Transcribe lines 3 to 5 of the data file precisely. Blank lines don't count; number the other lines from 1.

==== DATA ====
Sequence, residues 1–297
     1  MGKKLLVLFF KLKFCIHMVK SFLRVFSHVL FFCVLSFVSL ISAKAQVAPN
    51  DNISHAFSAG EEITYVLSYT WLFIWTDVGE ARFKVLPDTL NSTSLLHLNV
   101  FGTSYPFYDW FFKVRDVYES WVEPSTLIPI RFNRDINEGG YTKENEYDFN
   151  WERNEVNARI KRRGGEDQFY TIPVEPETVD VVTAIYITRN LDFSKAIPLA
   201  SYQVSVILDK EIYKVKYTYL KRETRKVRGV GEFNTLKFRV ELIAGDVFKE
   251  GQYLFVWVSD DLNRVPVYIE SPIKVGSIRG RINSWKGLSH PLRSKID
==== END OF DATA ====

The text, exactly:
    51  DNISHAFSAG EEITYVLSYT WLFIWTDVGE ARFKVLPDTL NSTSLLHLNV
   101  FGTSYPFYDW FFKVRDVYES WVEPSTLIPI RFNRDINEGG YTKENEYDFN
   151  WERNEVNARI KRRGGEDQFY TIPVEPETVD VVTAIYITRN LDFSKAIPLA